Scrubbing the floor in as resentful a manner as she can manage, Clara expresses her annoyance by repeating the old lady’s instructions in sing-song fashion (“Mop that dirty floor, tra-la-la-la-la…”) to the same melody that Elvira and Madeleine used on Amelia in a comparable situation at the brothel. Overhearing Clara’s mocking tone, stepmother orders her to keep silent. Clara hurriedly exists from the room. Old Stepmother repeats to herself the words she has just hurled at Clara: “You don’t know who I am. You don’t know who you are…”

“A Little Babe Came Knocking”

At that, there is a flashback to 20 years prior, when Dona Rosa, Amelia’s “godmother,” recalls how she came to be in possession of baby Amelia (Note: an extended scene that was cut from the original text included Dona Carmen and Dona Odette as well). “It was a dark and terrible night of rain,” when Rosa heard a knock at the door. A man dropped off a baby girl whose name was Amelia; the man turned out to be her father. We are told that Dona Rosa embraced Amelia as her own child, an abandoned orphan with no past and very little future. Now we know who Amelia is, but who is Clara?

“Oh, Look at Me”

Returning to room number 7, where Amelia has been “entertaining” her client Alvaro, we hear the “Song of the Wishes” as intoned by the young men, along with Carmen’s admonition to Amelia to bring her “a heart that’s strong, still young and vibrant, happy and free” — only this time it’s sung by Alvaro, the young man whose strong heart now beats for Amelia, and that Amelia so desperately needs in order to complete her task.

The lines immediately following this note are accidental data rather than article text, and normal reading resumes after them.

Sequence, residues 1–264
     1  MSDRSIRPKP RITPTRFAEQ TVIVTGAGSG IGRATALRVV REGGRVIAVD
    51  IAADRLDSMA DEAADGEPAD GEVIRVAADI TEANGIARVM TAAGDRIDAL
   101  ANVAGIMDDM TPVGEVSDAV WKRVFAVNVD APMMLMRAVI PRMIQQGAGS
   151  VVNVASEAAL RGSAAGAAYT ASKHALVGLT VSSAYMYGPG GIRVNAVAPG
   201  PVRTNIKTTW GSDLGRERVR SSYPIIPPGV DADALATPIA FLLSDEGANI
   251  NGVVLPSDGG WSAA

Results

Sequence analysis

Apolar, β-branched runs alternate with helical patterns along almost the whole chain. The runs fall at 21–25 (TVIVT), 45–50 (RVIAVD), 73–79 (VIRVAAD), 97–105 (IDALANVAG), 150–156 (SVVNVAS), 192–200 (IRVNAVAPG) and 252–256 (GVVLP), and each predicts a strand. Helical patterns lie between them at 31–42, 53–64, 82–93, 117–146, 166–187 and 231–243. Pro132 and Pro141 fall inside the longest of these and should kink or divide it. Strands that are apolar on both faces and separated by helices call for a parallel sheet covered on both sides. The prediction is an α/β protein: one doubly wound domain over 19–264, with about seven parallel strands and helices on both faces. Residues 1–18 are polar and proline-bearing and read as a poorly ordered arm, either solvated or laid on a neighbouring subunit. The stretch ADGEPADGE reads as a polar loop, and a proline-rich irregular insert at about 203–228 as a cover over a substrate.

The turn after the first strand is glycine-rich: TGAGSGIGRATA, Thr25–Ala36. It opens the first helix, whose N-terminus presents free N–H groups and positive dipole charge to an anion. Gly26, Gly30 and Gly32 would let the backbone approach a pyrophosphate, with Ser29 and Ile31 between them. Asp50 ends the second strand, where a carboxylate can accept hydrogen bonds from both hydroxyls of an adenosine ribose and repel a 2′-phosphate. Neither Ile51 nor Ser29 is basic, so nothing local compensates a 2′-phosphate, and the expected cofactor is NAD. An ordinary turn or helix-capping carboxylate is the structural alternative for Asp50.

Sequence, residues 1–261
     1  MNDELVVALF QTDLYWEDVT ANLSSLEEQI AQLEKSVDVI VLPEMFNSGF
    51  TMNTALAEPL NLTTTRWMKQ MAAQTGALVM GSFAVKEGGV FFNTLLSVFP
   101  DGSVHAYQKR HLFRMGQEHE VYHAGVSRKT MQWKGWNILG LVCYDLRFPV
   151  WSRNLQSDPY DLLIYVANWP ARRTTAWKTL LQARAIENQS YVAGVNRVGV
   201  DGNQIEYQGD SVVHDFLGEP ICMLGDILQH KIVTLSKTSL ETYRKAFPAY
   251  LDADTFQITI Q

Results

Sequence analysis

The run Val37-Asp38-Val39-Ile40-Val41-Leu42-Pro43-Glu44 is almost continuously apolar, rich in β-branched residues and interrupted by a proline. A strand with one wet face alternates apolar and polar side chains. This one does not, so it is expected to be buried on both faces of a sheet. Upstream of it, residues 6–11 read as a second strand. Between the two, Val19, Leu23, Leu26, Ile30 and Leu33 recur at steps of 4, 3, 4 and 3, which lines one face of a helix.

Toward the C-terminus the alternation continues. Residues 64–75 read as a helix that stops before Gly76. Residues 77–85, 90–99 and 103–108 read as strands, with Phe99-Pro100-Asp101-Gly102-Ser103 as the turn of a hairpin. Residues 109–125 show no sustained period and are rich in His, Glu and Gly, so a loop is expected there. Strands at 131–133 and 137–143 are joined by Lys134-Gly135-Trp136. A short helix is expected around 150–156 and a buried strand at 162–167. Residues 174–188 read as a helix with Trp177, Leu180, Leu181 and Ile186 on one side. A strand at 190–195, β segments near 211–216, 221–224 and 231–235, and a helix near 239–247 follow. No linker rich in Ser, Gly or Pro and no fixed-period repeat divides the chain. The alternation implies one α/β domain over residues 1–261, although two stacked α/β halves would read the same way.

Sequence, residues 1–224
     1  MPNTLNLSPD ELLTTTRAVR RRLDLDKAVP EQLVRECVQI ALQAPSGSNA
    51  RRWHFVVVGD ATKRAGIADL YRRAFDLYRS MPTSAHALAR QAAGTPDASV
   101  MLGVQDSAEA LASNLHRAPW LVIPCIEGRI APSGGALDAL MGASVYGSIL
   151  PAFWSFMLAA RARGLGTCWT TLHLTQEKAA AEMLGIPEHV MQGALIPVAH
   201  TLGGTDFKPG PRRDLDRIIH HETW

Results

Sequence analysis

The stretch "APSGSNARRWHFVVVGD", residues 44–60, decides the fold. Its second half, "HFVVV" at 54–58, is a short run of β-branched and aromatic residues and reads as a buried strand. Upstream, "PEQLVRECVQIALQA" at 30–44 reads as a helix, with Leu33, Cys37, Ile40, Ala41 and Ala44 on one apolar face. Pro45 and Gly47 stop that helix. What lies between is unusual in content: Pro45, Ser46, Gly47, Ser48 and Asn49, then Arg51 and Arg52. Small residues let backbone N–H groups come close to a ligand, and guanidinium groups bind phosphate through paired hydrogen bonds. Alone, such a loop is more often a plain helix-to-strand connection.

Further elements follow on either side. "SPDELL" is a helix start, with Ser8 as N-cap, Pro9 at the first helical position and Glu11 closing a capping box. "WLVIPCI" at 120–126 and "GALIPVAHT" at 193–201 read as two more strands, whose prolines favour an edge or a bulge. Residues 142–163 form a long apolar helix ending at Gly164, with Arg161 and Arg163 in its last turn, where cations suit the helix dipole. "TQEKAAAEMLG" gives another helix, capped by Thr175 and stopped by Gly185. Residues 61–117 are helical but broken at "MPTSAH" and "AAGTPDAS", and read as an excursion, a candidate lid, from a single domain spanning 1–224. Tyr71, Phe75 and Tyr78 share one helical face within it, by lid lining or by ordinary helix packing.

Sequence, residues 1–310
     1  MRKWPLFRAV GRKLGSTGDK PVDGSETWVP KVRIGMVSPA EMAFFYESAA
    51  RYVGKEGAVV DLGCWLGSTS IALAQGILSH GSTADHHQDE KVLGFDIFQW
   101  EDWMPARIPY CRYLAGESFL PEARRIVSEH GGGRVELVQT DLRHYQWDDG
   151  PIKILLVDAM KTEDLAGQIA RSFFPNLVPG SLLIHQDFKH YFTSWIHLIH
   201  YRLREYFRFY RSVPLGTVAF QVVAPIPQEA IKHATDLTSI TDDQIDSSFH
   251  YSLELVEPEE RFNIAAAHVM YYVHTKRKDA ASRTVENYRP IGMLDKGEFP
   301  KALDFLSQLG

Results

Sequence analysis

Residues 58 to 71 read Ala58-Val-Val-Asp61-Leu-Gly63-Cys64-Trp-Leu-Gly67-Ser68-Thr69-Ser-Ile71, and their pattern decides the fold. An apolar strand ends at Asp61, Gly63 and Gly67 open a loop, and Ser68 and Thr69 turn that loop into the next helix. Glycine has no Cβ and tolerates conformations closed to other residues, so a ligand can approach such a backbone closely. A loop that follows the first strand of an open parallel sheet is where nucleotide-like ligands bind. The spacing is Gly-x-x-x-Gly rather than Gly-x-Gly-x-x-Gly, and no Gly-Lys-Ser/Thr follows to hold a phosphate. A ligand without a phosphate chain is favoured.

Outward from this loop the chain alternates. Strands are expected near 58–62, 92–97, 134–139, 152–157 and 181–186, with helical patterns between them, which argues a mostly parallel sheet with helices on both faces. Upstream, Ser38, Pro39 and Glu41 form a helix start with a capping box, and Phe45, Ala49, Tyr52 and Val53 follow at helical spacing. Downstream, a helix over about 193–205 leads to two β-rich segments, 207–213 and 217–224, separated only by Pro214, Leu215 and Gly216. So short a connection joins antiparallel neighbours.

Repeating the same motion with the knife that tore open the Belt Strangler’s chest in the early going, the enamored Amelia cannot bring herself to kill the fetching lad. Her reasoning: “He loves me, the boy loves me!” The clairvoyant reminds her that she’s not herself, that both she and the boy have been bewitched by the magic spell. Again, we see the past intruding upon the present, as the couple finds itself trapped in a time warp, unable to break free. Amelia and Alvaro make plans to run away together. They will meet at the train station at midnight.

Carmen warns Amelia that if she fails to comply with the seventh task, she will face a terrible curse. Amelia looks at her in disbelief: “What curse?” Carmen obliges with a riposte: “The seven years curse. Whoever fails to complete the spell will live seven years in one.” “How’s that?” Amelia inquires. “You are going to get seven years older with each passing year,” Carmen admonishes. “The circle must be closed.” She holds up a hand mirror to Amelia’s face. But instead of reacting with alarm, Amelia can only gaze at her pale features. She stares blankly into the mirror, transfixed by what she sees (the fairy-tale phrase, “Who in the land is fairest of them all?” comes to mind).